Perceived Barriers to Uptake of Cervical Cancer Screening Among Women of Childbearing Age in a Gynaecological Clinic

Adebusola T. Amos, Olutosin A. Awolude



Cervical cancer is an important reproductive health problem for women in the developing countries where it constitutes 13% of all female malignancies. It is the second most common cancer in women worldwide and 83 percent of the world’s 500,000 new cases and 85 percent of the 288,000 cervical cancer deaths occur in developing countries. Evidences show that women attending various health facilities were not routinely screened for cervical cancer. Gynaecological clinics present an important access to target group for cervical cancer screening. This study assessed the barriers to uptake of cervical cancer screening services among women attending a gynaecological clinic of a tertiary health i a tertiary health facility in South West region of Nigeria, the most populous black country of the world.


Adopting a descriptive cross-sectional approach and Health Belief Model (HBM), women aged 15 – 49 years attending gynaecological clinic at the health institution were interviewed.   The respondents were selected using systematic random sampling technique and interviewed using a specially designed structured questionnaire. Barrier to uptake of cervical cancer screening services was defined as significant when the number of the respondents in the “agree” and “strongly agree” domains to the selected reasons for not screening for cervical cancer are at least 50%.


Of the 100 respondents interviewed, 85 responses were found suitable for analysis. The mean age of the respondents was 33.3 (SD±8.6) years. Although a large proportion of the respondents (77.1%) were aware of cervical cancer, 95.2% with at least secondary education and 51.9% earning at least ₦50,000/month, only 23 (27.1%) had undergone the screening for cervical cancer. Age > 44 years and earning > ₦100,000/month were positively and significantly associated with uptake of cervical cancer screening. The significant reasons for not screening for cervical cancer by the respondents were Lack of information/counselling (77.4%), Lack of convenient clinic time (62.9%), Fear of having a positive result (61.3%), Lack of support from partners and significant others is a barrier (56.5%) and Attitude of health workers discourage women from assessing cervical cancer screening (51.6%)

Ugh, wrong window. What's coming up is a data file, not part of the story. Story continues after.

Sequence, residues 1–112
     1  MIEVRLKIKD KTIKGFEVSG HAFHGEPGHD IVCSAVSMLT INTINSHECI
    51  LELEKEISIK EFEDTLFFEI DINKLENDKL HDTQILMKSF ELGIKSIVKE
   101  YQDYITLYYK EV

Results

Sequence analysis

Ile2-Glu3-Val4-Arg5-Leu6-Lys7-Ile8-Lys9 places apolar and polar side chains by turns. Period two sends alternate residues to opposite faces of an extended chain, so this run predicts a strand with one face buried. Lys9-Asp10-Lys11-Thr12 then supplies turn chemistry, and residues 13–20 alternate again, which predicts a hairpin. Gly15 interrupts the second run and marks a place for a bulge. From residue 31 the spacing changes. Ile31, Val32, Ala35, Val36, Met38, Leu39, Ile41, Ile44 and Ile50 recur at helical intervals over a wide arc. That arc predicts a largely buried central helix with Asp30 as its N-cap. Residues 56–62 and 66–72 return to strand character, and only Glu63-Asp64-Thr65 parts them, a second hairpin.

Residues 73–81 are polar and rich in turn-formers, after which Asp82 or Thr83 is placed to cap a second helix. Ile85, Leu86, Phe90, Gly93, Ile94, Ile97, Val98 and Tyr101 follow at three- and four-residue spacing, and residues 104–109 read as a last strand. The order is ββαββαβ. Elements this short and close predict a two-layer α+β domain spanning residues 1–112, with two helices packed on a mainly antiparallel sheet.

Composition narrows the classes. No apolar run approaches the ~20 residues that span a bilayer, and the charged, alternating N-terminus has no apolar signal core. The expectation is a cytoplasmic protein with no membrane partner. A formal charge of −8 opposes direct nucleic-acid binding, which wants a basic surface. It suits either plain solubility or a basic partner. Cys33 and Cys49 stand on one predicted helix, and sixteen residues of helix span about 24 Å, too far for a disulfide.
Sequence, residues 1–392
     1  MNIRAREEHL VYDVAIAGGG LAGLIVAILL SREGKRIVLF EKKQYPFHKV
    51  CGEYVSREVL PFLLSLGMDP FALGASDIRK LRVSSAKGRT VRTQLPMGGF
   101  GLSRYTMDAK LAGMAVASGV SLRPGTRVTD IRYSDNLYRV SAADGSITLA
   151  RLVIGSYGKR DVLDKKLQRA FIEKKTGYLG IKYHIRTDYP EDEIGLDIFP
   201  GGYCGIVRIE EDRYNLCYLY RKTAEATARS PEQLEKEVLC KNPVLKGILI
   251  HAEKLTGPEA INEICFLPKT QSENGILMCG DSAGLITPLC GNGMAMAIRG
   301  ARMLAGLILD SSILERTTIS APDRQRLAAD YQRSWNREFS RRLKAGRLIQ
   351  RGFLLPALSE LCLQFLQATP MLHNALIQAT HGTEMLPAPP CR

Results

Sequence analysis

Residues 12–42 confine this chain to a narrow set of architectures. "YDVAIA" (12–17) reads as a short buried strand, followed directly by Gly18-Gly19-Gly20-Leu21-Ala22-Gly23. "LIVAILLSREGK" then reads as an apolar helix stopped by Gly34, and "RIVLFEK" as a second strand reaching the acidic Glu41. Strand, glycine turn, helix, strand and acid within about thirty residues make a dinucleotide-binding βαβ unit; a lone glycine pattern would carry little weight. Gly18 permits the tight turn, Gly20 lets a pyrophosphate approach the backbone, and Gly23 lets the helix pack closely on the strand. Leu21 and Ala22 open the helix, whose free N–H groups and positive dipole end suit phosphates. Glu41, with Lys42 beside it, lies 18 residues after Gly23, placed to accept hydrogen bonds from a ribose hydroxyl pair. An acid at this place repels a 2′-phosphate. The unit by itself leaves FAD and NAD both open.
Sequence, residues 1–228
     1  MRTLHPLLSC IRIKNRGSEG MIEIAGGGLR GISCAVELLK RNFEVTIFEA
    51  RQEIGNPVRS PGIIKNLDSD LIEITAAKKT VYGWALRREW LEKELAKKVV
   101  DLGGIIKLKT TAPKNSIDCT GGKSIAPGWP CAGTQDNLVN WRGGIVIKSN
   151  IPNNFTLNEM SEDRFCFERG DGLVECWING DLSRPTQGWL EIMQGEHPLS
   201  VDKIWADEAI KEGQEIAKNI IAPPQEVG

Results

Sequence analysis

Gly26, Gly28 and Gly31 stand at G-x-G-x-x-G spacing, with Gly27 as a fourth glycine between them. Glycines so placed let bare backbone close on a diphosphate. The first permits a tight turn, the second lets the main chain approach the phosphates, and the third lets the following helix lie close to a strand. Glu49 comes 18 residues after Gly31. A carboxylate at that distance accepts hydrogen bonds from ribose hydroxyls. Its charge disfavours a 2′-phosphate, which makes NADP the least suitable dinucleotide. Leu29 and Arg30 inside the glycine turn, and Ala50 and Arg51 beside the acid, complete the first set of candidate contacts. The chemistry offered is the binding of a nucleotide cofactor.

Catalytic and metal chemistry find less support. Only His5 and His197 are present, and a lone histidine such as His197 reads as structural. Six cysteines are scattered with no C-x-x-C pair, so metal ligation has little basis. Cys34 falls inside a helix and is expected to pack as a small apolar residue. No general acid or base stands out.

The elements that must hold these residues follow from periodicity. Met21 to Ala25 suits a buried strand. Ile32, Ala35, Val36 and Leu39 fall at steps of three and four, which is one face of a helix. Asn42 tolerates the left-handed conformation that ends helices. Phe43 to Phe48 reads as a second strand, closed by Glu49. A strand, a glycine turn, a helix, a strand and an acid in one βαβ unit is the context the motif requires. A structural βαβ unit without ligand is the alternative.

It can be concluded from this this study that there is need for need for regular information on cervical screening at every opportunity for the populations that will benefit from this preventive service like women of reproductive age group attending our obstetric services. There is an urgent need for provision of more screening opportunities especially the type that will have population coverage and to leverage on other programmes like family planning services, post-natal clinic services and HIV/AIDS programmes. Screening services should be available in all secondary facilities and primary health care centres. Reminder/Recall services should be in place to ensure compliance with appointments in order to increase utilization

Keywords: Perceived Barriers, Uptake, Women of childbearing age, Cervical Cancer screening

DOI: 10.7176/JHMN/67-07

Publication date:October 31st 2019

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